When inscribing the Canal du Centre boat lifts in Belgium on its World Heritage List in 1998, UNESCO commented that they “represented the apogee of the application of engineering technology to the construction of canals.” That holds true for each example described here. The boat lifts exemplify the seemingly limitless mechanical ingenuity of the Victorian Age. The Industrial Revolution, first in Britain and then in the rest of Europe and North America, saw the necessarily rapid growth of inland transportation networks. Although they were soon augmented (and often replaced) by railroads, canals were the main arteries of industry and commerce. Differences in water levels along their length and at their junctions with rivers were normally overcome by building locks. In order to save time, creative engineers developed a hydraulic mechanism known as a boat lift, which could replace several conventional locks. Among the most ingenious devices of the machine age, the boat lift continued to be refined into the early twentieth century. The principle was simple: a boat or barge entered a watertight trough that was raised or lowered by filling or emptying a counterbalancing trough.
It is likely that the first commercial boat lift was built in 1838 on the Grand Western Canal in the English county of Devon. The canal, first suggested in 1768, was intended to link the Bristol Channel on the west coast and the English Channel on the east. Construction did not begin until 1810 and four years later an 11-mile (17.6-kilometer) stretch was completed. Extensions were built, and by 1838 the canal reached as far as Taunton in Somerset. A decade later the Great Western Railway linked Bristol and Exeter, and work on the canal was discontinued. But the boat lift served vessels carrying limestone from Tiverton in Devon. Consisting of a pair of 30-foot-long (9-meter) wooden troughs joined by chains, it was capable of raising nearly 10 tons (8.14 tonnes) through the 47 feet (14 meters) that separated two sections of the canal.
The most important English model for others in Europe was the Anderton Barge Lift, built near the English salt-producing town of Northwich between 1872 and 1875. It lifted barges over 50 feet (15 meters) between the Weaver Navigation and the Trent and Mersey Canal. Designed by the engineers Edward Williams and Edwin Clarke, the mechanism comprised two sets of connected hydraulic cylinders and pistons, each supporting a 76-by-15-foot (23-by-4.7-meter) boat tank. In order to lift a boat, a little water was released from the lower tank; as the then heavier counterbalancing tank moved downward, the hydraulic system was activated to raise the lower tank, boat and all. The process was augmented by a steam-powered hydraulic pump. The mechanism lasted for about thirty years, but corrosion problems in the hydraulic system led to the construction of a replacement (albeit incorporating several parts of the original structure) between 1906 and 1908. The new lift continued to carry commercial traffic until the mid-1960s and recreational boats until 1982.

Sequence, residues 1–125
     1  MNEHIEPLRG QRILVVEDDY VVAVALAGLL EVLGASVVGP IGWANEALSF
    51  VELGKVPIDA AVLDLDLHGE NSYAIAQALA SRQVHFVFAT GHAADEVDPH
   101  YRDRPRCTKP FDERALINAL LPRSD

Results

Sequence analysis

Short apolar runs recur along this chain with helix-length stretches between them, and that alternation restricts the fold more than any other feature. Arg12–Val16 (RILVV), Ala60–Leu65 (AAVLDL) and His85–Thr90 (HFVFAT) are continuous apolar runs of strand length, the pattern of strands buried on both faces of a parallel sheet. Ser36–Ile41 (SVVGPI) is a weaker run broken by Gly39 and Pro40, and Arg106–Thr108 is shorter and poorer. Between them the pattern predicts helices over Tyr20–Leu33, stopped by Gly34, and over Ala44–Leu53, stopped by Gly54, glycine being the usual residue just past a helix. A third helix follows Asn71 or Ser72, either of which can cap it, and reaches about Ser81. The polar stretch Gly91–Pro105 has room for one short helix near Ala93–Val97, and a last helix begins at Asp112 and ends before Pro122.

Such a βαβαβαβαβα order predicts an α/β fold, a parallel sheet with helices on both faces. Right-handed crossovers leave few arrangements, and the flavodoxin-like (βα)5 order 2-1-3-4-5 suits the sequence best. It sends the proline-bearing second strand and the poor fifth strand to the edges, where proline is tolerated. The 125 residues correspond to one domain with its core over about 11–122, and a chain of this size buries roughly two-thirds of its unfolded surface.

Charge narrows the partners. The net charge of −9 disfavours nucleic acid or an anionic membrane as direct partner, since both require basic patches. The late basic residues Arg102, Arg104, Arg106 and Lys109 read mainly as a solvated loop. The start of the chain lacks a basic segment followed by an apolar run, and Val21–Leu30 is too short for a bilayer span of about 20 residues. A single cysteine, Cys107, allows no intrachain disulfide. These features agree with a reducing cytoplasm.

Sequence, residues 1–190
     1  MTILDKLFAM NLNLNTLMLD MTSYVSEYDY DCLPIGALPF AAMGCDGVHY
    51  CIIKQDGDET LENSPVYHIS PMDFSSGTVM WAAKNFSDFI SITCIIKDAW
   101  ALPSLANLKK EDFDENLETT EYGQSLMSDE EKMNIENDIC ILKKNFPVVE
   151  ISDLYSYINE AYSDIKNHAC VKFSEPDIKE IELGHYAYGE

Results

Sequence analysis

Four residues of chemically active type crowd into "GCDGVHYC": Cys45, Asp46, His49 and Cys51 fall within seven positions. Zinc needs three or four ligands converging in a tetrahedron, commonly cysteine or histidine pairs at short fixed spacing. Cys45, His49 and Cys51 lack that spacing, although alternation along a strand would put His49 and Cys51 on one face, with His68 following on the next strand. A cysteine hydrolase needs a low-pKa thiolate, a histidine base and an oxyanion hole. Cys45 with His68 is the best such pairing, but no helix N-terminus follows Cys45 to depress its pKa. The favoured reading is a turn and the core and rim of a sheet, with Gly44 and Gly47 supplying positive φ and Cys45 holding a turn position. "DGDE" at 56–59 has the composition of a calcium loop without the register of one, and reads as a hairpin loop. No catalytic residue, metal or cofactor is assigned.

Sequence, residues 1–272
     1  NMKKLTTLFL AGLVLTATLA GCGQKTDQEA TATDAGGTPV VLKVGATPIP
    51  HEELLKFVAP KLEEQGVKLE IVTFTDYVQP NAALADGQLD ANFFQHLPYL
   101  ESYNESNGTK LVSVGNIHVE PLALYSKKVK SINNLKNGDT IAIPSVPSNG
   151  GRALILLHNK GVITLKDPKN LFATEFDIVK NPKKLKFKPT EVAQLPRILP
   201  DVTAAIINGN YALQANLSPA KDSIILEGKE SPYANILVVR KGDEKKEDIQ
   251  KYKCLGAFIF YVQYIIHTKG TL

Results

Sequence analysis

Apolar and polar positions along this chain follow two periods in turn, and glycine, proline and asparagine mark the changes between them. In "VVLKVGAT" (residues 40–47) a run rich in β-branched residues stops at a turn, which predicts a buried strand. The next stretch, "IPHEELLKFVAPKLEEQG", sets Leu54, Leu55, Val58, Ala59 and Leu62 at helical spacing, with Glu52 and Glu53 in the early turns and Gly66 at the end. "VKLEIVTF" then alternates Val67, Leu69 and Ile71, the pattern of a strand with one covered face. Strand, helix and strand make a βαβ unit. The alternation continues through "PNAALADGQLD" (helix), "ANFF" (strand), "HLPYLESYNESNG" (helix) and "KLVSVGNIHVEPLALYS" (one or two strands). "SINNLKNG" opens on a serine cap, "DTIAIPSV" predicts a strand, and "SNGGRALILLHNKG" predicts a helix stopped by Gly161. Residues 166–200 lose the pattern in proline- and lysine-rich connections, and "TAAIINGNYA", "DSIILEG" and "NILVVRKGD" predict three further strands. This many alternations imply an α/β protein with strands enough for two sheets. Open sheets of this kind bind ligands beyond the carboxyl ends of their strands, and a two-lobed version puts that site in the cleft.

Early among the European clones was the lift at Les Fontinettes on the Neuffossée Canal in northern France. Built in 1888 to raise 340-ton (305-tonne) canal boats 43 feet (13 meters) from the River Aa to the canal, it replaced no fewer than five eighteenth-century locks, dramatically reducing the time needed to negotiate the network of inland waterways linking Calais and Dunkerque with the industrial center of Lille. It was replaced by a single modern lock in 1967.
Proposed in 1879, the 17-mile (27-kilometer) Canal du Centre in Belgium’s industrial Scheldt-Meuse-Rhiue Delta integrates Europe’s inland waterways. Because they survive in working condition, four lifts near La Louvière, also based on the Anderton model, are unique among their contemporaries. Each lifts boats through 57 feet (17 meters). The first, with a capacity of 450 tons (407 tonnes), was built around 1889; the remaining 340-ton (305-tonne) lifts followed between 1908 and 1917. In 1999, as part of a long-term program to increase the capacity of Belgium’s major waterways, a single hydraulic elevator was completed at Strépy-Thieu on a new section of the Canal du Centre. It is capable of moving barges of 1,500 tons (1.370 tonnes) deadweight vertically though 243 feet (73 meters)—the highest lift in the world—in tanks that weigh almost 9,000 tons (8,150 tonnes).
Because of growing industrialization in the late nineteenth century, Germany’s River Ruhr needed a transport network for raw materials and manufactured goods. In 1899 the Dortmund-Ems Canal was built to connect North Sea harbors to the Ruhr region. The Rhine-Herne Canal, completed in 1914, linked the Rhine with Rotterdam and Amsterdam. The two artificial waterways are joined by the 45-foot (13.5-meter) Henrichenburg boat lift at Waltrop. Constructed between 1894 and 1899 it was replaced in 1958–1962.
Another early hydraulic lift system was built in the New World: the Peterborough Lift Lock on the Trent-Severn Canal, connecting Lake Ontario with the upper Great Lakes and the West. Completed in 1904 it consisted of two ship lifts—each with a mass of 1,900 tons (1,730 tonnes) and rising 49 and 65 feet (14.8 and 19.8 meters), respectively—within the 4-mile (6.5-kilometer) canal, replacing eight conventional locks.